Former first lady Melania Trump thought her husband Donald was getting “bad advice” in his final months in office and was concerned about unannounced visitors — such as election-denying attorneys Rudy Giuliani and Sidney Powell — walking in on her wearing only a robe, according to testimony by her estranged former chief of staff earlier this year.
Stephanie Grisham told the House select committee that investigated last year’s Capitol riot that Melania, now 52, thought her husband’s advisers failed him during the final part of his presidency and grew “very upset” when they entered the White House’s residential areas without warning.
“She hated when people would come to the residence,” Grisham said in testimony from May, according to a transcript released Thursday by the panel.
“That was her home, she wanted privacy. So I do recall, towards the end, her telling me that there were constantly meetings happening in the Yellow Oval, which is the room up in the residence, with various people,” Grisham said.
“And she was very upset because nobody would give her a heads-up and was she walking around in a robe, that type of thing. But she never gave me specific names other than Sidney Powell, Giuliani and campaign people. Those were her words.”
Grisham added that “Mrs. Trump always wanted to be warned before people were coming into her house.”
The testimony did not make clear if any unannounced guests actually walked in on the first lady while she was under-dressed and Grisham told The Post it was a “theoretical concern” to the best of her knowledge.
Grisham noted that her 2021 book “I’ll Take Your Questions Now” mentions the former first lady’s love of robes, but that the passage in her deposition was meant to stress Melania Trump’s frustration about a lack of privacy in the chaotic finale of the Trump administration.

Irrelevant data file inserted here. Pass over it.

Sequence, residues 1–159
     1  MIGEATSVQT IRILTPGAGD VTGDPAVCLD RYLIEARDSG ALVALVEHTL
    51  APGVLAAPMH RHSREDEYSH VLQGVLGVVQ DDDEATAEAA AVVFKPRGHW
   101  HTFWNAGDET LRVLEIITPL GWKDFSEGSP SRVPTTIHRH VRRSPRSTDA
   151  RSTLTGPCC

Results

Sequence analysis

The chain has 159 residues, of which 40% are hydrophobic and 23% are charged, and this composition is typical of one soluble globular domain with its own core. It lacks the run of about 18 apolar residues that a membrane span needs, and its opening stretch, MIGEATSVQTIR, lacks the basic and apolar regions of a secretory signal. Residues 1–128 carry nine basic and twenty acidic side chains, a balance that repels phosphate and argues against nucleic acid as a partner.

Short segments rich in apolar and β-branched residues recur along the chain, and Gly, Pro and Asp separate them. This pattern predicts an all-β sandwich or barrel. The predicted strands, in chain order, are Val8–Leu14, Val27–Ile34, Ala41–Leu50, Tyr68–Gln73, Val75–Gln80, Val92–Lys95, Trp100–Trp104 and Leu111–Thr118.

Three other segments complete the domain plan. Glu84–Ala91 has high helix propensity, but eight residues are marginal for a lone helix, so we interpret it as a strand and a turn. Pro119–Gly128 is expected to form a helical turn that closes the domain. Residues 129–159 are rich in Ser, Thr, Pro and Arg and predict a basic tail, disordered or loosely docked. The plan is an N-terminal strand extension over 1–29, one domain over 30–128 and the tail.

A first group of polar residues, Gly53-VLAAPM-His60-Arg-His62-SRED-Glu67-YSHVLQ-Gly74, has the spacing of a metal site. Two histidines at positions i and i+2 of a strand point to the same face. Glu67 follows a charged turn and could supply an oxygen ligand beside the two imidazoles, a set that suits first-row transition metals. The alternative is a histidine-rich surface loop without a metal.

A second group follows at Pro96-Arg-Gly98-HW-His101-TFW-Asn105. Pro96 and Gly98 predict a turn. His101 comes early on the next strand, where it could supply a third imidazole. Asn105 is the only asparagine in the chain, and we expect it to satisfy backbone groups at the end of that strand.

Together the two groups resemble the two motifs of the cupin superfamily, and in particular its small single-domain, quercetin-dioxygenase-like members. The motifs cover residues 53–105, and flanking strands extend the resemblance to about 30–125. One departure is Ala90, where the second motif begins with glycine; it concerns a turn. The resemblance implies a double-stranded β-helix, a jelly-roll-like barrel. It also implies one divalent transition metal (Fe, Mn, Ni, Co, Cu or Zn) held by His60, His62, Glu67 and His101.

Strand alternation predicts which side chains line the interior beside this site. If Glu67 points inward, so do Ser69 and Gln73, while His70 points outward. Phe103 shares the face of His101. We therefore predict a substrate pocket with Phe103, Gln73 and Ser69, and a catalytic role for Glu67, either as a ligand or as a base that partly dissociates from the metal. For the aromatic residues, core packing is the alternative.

The 76-year-old Trump’s 2024 campaign did not immediately respond to a request for comment on Grisham’s testimony.
Grisham worked on the 45th president’s 2016 campaign before joining the White House staff. She worked as a top aide to the first lady for most of Trump’s four years in office before resigning when his supporters stormed the Capitol on Jan. 6, 2021, to disrupt certification of Joe Biden’s victory in the 2020 election.
Grisham — who also worked as White House press secretary from July 2019 until April 2020 — had a toxic relationship with Trump’s final chief of staff Mark Meadows, who forced her out of her job as press secretary, resulting in her final job title as the first lady’s chief of staff.
According to Grisham, Melania Trump blamed Meadows for failing to give Trump better advice in the final months of his presidency, but Grisham also said that she was surprised the then-first lady didn’t speak up more about her husband’s rejected election fraud claims.
The first lady “felt [Meadows] was letting a lot of people who were maybe being harmful to the president, giving him bad advice,” Grisham recalled.